Probiotics & Prebiotics – Microbiome Background
As requested by CRIS readership, we’re launching a new series looking at probiotics and prebiotics. This post will provide some background to help us understand how probiotics and prebiotics can impact our health.
What are probiotics and prebiotics?
Probiotics and prebiotics can be foods, ingredients, supplements, products, and more that contain or support microorganisms, most often beneficial that may impact our microbiome, impacting our overall health (1).
What is the human microbiome?
The human microbiome consists of microorganisms including bacteria, viruses, fungi, and archaea living within or on our body, often in a mutualistic or symbiotic relationship, meaning the microorganisms benefit our health in some way. In return, our body keeps the microorganisms alive (1,2).
There are trillions of organisms living in and on our bodies, helping to support our health. We each have a unique combination of microbiota (the microbes that make up the microbiome) to support our systems (1).
Each person’s microbiome will consist of beneficial and potentially harmful microbiota. The potentially harmful microbes (known as pathogens) present in our system typically do not threaten our health or our microbiome balance unless an illness, diet, or medication (like antibiotics) disrupts our system. Any significant disruption can cause the beneficial microbiota to die, leaving more harmful pathogens to thrive (1).
Where do we find microbiota?
Our microbiome typically refers to all the systems of microbiota found throughout and on our body.
Our gut contains the largest and arguably most impactful microbiota system. But, we still find microbiota on our skin, in our mouths, and in other mucus membranes. All of these together make up our microbiome.
What is gut health?
Healthy gut microbiota is critical to maintaining many of our bodily systems, including supporting our immune system, metabolism, and serving as a protective barrier (1).
The microbiota plays a vital role in the digestion and absorption of food, including forming key vitamins. Without microbiota support, we cannot synthesize specific vitamins and amino acids needed for our body to function optimally. Beneficial microbiota also keeps our immune system healthy, helping it break down potentially harmful compounds (1,2).
If our gut microbiota are overwhelmed by harmful pathogens, we experience dysbiosis, an imbalance of the beneficial and harmful microbes in the microbiotal system. If dysbiosis occurs, we can experience or exasperate many conditions from something as inconvenient as an upset stomach to more severe conditions like bowel disease, obesity, cancer, and autism symptoms (1,2).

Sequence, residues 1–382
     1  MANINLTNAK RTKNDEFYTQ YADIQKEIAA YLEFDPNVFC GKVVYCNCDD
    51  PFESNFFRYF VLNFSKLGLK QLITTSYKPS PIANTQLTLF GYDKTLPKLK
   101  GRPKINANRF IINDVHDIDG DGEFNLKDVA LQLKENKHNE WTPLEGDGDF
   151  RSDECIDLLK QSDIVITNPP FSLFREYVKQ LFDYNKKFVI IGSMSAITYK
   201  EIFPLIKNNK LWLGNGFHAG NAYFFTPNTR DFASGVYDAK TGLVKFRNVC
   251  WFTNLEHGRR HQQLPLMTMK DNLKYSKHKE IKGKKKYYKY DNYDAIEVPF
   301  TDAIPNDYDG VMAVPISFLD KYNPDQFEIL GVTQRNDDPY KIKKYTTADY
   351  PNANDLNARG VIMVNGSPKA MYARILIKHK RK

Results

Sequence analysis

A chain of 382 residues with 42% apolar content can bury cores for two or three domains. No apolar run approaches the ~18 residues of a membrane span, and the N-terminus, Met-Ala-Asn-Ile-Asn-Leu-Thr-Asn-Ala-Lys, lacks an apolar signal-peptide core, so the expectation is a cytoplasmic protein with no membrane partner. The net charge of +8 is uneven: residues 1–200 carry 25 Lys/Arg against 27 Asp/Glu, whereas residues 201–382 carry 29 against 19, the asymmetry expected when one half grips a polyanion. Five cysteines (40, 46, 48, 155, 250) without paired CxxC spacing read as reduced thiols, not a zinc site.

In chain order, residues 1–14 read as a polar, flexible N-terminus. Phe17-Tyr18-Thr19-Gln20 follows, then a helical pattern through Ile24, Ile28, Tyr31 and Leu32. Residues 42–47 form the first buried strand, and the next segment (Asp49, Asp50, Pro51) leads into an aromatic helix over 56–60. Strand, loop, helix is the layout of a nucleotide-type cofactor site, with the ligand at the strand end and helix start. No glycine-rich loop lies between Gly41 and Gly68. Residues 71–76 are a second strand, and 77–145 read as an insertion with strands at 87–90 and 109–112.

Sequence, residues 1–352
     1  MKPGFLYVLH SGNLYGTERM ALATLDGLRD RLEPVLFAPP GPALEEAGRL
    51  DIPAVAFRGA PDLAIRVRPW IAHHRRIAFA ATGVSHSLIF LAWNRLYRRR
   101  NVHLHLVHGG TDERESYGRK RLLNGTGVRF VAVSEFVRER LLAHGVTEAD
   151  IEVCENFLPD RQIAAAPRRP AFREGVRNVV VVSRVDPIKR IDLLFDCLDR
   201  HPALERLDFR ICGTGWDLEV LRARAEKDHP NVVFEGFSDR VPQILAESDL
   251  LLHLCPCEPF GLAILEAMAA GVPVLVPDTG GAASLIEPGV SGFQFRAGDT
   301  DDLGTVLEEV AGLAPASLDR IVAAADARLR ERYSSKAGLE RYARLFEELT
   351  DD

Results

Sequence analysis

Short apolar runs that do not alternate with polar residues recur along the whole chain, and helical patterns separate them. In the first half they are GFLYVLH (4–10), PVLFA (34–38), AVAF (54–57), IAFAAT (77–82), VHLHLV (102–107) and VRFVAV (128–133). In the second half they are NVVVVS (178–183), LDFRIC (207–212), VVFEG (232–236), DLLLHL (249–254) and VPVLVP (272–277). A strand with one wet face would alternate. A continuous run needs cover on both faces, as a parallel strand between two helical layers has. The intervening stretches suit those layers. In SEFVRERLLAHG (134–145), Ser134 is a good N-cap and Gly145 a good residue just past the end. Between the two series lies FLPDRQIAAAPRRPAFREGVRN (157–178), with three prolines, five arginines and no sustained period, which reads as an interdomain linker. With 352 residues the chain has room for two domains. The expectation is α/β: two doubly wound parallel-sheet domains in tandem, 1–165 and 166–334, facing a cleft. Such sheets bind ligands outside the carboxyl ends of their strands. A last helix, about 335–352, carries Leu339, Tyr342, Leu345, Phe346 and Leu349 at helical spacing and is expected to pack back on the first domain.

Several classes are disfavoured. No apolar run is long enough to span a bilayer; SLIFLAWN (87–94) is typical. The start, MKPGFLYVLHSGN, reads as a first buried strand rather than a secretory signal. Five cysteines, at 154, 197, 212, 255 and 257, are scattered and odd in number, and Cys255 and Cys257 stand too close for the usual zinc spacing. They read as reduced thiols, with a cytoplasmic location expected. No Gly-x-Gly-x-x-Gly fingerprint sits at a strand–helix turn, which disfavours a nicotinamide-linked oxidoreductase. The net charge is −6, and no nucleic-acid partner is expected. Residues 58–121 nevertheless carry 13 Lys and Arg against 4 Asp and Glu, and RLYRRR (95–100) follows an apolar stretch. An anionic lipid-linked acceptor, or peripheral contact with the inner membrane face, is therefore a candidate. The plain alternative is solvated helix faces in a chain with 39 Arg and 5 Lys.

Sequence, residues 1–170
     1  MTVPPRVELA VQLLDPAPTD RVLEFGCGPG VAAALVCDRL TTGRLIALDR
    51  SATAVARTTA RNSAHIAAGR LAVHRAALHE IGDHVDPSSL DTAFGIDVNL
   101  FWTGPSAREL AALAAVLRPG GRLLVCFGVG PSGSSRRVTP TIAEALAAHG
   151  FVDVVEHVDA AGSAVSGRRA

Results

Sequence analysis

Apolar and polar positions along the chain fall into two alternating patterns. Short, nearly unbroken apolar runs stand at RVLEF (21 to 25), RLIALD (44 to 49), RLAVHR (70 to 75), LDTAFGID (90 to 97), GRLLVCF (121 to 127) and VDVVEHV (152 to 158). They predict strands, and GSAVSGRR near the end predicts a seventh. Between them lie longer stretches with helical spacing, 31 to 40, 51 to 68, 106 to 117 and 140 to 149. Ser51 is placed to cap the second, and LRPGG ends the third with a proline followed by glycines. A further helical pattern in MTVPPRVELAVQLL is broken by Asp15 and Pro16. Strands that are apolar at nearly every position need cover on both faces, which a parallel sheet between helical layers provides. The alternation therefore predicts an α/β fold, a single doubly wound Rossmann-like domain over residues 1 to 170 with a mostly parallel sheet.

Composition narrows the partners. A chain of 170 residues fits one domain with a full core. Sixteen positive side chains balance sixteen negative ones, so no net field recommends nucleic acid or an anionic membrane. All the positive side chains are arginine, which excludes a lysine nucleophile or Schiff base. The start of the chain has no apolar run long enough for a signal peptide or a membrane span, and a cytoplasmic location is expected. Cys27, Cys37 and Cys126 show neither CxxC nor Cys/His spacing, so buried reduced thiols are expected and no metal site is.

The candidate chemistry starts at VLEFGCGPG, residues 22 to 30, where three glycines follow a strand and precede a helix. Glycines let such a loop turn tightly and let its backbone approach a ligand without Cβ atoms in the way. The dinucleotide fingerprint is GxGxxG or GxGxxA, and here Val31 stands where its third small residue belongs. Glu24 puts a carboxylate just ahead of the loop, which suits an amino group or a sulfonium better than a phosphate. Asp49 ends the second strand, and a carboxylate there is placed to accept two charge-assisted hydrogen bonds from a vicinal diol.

Our gut health is vital in supporting our overall health.
Where else does microbiota live?
Beneficial microbiota are not limited to our gut, although we are most familiar with probiotics and prebiotics designed to impact our gut health.
Beneficial microbiota can be found throughout and all over our body. For example, our armpits have microbiotal systems to break down perspiration, which in turn can cause unpleasant odors. In a prior blog, we even discussed the different deodorants containing probiotic and prebiotic ingredients designed to alter our scent.
Our microbiome helps keep our body, not just our gut, in healthy homeostasis.
How do we build our microbiome?
When we are born, we immediately start developing our microbiotal systems based on how we were born, how we’re fed as infants, what we eat as we grow, and our stage of development (1).
As we grow and age, our genes, diet, hygiene, environment, medication use, and more play a role in forming our microbiota systems. We are each individual, so our microbiomes are individual to each of us. There will not be one solution or perfect microbiome that supports all people (1,2,3).
What does this have to do with probiotics and prebiotics?
Probiotic and prebiotic products are designed to alter our microbiota. It’s essential to understand the function of our microbiome before we talk about the ways in which we can change our microbiome.
The good news.
Now that we have a little background, in our next post, we’ll look at foods, beverages, and ingredients that contain probiotics and prebiotics and how these may impact our overall health